One of the art world’s most notorious relationships comes alive with “Man Ray/Lee Miller, Partners in Surrealism” on view through Oct. 14 in the Rosekrans Galleries at the Legion of Honor.
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The exhibition consists of approximately 115 photographs, paintings, drawings and manuscripts that explore the creative interaction between Man Ray and Lee Miller, two giants of European Surrealism.
Organized by the Peabody Essex Museum, Salem, Mass., this is the first exhibition to focus exclusively on the pair’s artistic relationship.
The works in the exhibition are drawn primarily from the Lee Miller Archives and Penrose Collection in Sussex, England, augmented for the San Francisco presentation by loans from important public and private collections in the United States.
Included are selected works by artists in Ray and Miller’s circle in Paris, including paintings by Pablo Picasso, Max Ernst, Roland Penrose and Dora Maar and a small sculpture by Alexander Calder.
Man Ray and Lee Miller lived together in Paris from 1929 through 1932, first as teacher and student, and later as lovers.
Their mercurial relationship resulted in some of the most powerful works of each artist’s career, and helped shape the course of modern art.
The two artists inspired each other equally, collaborating on several projects.
Though they lived together for only three years, “Man Ray/Lee Miller, Partners in Surrealism” examines the lingering effect each had on the other’s art.
Connecting photography with other media, and combining rare vintage photographs, paintings, sculpture and drawings, the exhibition reveals how the Surrealists combined imagery in playful and unexpected ways, creating extraordinary feats of imagination.
It also offers a window into the maelstrom of artistic and social experimentation that animated Paris in the 1930s and gave inspiration to writers, poets, filmmakers, musicians and visual artists of all stripes.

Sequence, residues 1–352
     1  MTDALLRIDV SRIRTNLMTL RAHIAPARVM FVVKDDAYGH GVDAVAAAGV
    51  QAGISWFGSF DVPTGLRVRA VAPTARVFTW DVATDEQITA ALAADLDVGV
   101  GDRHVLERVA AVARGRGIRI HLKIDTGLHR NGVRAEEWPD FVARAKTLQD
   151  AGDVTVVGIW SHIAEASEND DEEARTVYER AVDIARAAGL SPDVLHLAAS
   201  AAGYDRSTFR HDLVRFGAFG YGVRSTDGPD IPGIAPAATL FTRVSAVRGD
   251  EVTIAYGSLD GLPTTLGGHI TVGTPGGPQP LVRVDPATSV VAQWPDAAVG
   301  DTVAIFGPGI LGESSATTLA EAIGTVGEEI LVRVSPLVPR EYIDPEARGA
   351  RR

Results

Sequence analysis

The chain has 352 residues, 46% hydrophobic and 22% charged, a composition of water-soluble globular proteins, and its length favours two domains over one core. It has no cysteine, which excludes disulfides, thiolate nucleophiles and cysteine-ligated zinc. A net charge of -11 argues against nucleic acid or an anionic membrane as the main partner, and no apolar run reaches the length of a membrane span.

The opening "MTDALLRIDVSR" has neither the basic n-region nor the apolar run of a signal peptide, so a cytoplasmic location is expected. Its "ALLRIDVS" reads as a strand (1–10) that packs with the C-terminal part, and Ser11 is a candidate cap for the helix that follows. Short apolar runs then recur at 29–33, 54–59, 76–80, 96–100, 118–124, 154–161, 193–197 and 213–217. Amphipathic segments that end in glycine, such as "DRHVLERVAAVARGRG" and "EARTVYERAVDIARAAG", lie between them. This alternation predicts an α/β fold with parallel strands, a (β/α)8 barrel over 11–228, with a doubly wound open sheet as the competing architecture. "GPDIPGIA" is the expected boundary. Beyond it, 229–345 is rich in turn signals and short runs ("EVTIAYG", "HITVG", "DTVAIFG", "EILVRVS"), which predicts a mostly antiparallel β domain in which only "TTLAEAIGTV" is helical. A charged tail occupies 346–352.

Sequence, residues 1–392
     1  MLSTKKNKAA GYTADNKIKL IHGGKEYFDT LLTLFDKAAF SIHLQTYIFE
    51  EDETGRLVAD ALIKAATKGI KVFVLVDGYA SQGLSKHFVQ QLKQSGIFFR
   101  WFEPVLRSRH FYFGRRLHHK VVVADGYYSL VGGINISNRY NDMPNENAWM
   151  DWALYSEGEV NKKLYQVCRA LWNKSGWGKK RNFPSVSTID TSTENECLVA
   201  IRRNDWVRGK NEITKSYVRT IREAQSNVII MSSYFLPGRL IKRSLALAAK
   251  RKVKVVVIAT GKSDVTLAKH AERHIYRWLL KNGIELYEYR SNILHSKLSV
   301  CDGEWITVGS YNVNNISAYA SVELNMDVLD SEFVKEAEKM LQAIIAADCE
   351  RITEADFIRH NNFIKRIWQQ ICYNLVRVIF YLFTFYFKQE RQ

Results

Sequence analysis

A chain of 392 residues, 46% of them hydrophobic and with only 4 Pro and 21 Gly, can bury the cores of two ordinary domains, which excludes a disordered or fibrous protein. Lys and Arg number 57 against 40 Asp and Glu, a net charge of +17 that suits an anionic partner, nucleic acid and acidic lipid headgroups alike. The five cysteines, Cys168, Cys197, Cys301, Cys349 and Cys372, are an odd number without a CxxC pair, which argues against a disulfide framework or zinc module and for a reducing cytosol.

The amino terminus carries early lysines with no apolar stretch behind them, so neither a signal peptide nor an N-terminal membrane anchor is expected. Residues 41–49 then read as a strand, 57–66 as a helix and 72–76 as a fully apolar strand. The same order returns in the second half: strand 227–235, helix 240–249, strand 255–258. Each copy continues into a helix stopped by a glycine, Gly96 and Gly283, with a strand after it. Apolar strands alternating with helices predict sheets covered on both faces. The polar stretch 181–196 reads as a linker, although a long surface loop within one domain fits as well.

Man Ray (born Emmanuel Radnitzky, 1890–1976) was a leader in two pioneering modern art movements, Surrealism and Dada, but was never deeply invested in either of the two.
Although accomplished as an avant-garde photographer, he eschewed labels and thought of himself primarily as a painter and as an artist wedded to no single medium.
Man Ray’s camerawork marked a turning point in the integration of photography among other visual art forms. When he and Lee Miller parted, Ray often lovingly and cleverly referred to her via coded motifs in his artworks years afterward.
Lee Miller (1907–1977) started her career as a fashion model in New York.
With the encouragement of American artist and curator Edward Steichen, for whom she was a favorite subject, she moved behind the camera and moved to Paris in 1929 to seek out Man Ray as a teacher.
Working in tandem and separately, Ray preferred to work in the studio while Miller mostly took to the streets.
After she and Ray parted, she remained a photographer for two decades, including a seminal period as World War II war correspondent for Condé Nast. A first-hand witness to some of the worst atrocities of her time, she suffered from post-traumatic stress disorder that later hampered her productivity.
This is the first exhibition that presents Man Ray and Lee Miller together on equal terms.
Miller is regarded here as an artist and potent Surrealist force in her own right rather than as a foil for Ray’s work.
Historically, Miller has been described as Ray’s muse, but their love affair was in fact a key source of mutual and sustained inspiration, which pushed the art of their time in a new direction.
Miller’s photographs as well as the work of many of the other Surrealist artists in this exhibition appear courtesy of the Lee Miller Archives and Penrose Collection housed at Farley Farm House in Chiddingly, Sussex, England.
The official exhibition catalogue, “Man Ray/Lee Miller, Partners in Surrealism,” authored by Phillip Prodger, Ph.D., curator of photography, Peabody Essex Museum brings together rarely seen photographs, paintings, sculpture and drawings by Ray and Miller. It includes unique works from renowned artists in their circle including Picasso, Roland Penrose, Dora Maar and Alexander Calder.
In addition, a candid essay written by Antony Penrose, the son of Miller and the English painter Roland Penrose, is featured.
The Legion of Honor is located at Lincoln Park, 34th Ave. and Clement Street, San Francisco. Museum hours are Tuesday to Sunday, 9:30 a.m to 5:15 p.m.; closed on Monday.
Admission is $10 adults, $7 seniors, and $6 youths 13–17 and students with college I.D. Members and children 12 and under are free. General admission is free the first Tuesday of every month.